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“I don't know what the road will be like after the rain. You'll probably need chains. Do you think you'll be all right?”

“I'll try not to hit any stumps this time!”

She laughed with a tinge of the old gaiety. “I'm sorry, Lancelot, I didn't mean that. But hadn't you better take someone. You have all those gates to open, and you may get stuck.”

“I'm taking Percy. He's over telling Mac about last night.”

She leaned across with a quickening of interest. “Oh, tell me what happened! I was so worried last night I quite forgot to ask.”

“We got him!”

“Who was it?”


She gasped incredulously. “Mr Williams … who was overseer here! But how … I mean how did you know he would come last night?”

“Well, to start at the beginning, Mac suspected him first, then when I could find no tracks to show where the sheep had been taken away, I got Percy down. He's the best tracker I ever met. As soon as we got out to the back of that rough paddock, he dropped on to things straightaway, and we could see that whoever did the job knew more than a little about sheep—and sheep-stealing!”

“But how did he steal them?” she interrupted impatiently.

“In a big lorry fitted with two decks like a sheep-truck. He drove in off the main road through Kelly's selection, and turned off it to your boundary fence, driving

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along the foot of the hills. It isn't far and he laid down wide planks to drive over and cover his tracks. The lorry was backed against the boundary fence with the tailboard resting on the fence posts, then he built a long, sloping ramp of planks from the tailboard to a horizontal bar lashed between two small trees, and more planks from there to the ground. He spread a big tarpaulin there and strung a rope fence found it from tree to tree like a drover's sheep-break, with wings running out at the back. After we had found how they went, we had to discover where they were taken to and how they were disposed of. Percy tracked the lorry out to the main road but lost it there. However, we knew from the size of the tyres that it was a big truck, and the police tried to trace it through the district registrations but with no luck. Anyhow, I decided to take a long shot, so Percy turned up at William's place pushing a bike. Williams was shearing at the time and Percy got a job, mustering and doing odd jobs round the shearing-shed.

“He used to ring me up fairly often, and one of his first discoveries was that William's sheep had the same earmark as Camelot's, but he used a different tar brand. Yours is a U. His brand is a square with a dot in it, and it is the easiest thing in the world to fake that. I thought we had him till I discovered some of the queer stock laws you have in this State. I found that Williams was fully entitled to that registered earmark. His property is in a different pastoral district, so Williams must have discovered the fact that it was the same earmark as Camelot's and bought the place while he was here. He's clever, all right!

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“Then one day Percy picked up the track of a big lorry—the same tracks that he had seen here—and he followed them to a sort of outstation at the back of William's place. A boundary-rider lived there, and Percy found that he used to work here in William's time. This chap told him Williams had bought the big lorry from a carrier who went broke, and he only used it occasionally on the place. It was not registered. Yesterday evening I had a ring from Percy to say that the lorry had arrived at the homestead and was being fitted with high sides. You'll remember it was a dark night with rain threatening, so if they could only get the job done in time, their tracks would be washed out and no one would be any the wiser.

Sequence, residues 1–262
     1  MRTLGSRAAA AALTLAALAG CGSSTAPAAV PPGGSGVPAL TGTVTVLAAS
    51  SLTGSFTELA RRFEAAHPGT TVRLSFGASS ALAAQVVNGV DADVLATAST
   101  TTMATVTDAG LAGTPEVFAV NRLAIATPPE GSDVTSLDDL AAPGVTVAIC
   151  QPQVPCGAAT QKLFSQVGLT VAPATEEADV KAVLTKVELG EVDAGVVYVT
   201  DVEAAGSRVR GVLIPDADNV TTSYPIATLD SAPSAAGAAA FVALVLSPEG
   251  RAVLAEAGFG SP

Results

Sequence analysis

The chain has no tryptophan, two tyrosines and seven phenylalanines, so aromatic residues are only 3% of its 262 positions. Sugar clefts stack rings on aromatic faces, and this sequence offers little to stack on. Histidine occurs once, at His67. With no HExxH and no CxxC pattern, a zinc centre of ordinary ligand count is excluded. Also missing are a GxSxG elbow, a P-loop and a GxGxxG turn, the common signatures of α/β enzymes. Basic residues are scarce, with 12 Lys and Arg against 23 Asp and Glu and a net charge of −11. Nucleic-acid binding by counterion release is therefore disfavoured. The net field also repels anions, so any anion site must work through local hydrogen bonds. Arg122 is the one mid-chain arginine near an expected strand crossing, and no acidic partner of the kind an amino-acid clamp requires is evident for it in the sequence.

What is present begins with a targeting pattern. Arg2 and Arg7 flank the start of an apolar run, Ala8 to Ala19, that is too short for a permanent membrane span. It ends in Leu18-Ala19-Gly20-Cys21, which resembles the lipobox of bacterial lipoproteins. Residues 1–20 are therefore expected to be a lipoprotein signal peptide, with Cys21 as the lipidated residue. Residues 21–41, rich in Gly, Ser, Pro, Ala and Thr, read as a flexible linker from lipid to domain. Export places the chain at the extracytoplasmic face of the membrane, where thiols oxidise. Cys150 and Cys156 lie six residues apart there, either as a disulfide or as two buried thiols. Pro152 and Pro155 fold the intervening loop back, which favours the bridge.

“I got the local policeman on the phone and he came out straightaway. The sergeant and another policeman picked up Percy in their car, and he brought them along in the tracks of the lorry. When Jones and I got to the hill above the creek, the lorry was in position and one man was fixing up the ramp. We waited till another man arrived with a mob of sheep, the man walking in front and the dog bringing the sheep along behind him, covering his tracks.” Bill paused reflectively. “I wonder how it is that fellows who go in for sheep-stealing or cattle-duffing always have champion dogs or horses. They seem to have a special gift for training them—and they're nearly all fine fellows to meet!”

Elaine eyed him blandly. “You must have picked up a few cattle belonging to other people in your time, Bill!”

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His drooping eyelid flickered slightly. “I'm a drover,” he replied dryly.

“Hm-mm!” There was a twinkle in her eye. “Droving in Queensland appears to be rather a comprehensive business! But what happened when the sheep arrived?”

“They switched a spotlight on the ramp—sheep will always travel toward a light at night—and started to run them up into the lorry. We took advantage of the noise to creep down close, and I circled round to the other side. I was scared that dog would spot me, but he was too busy with the sheep. Then when I was ready we just bailed them up. There were only the two of them—Williams and his boundary-rider. Then the other car turned up and they took them away, and Percy and I rode home in the rain.”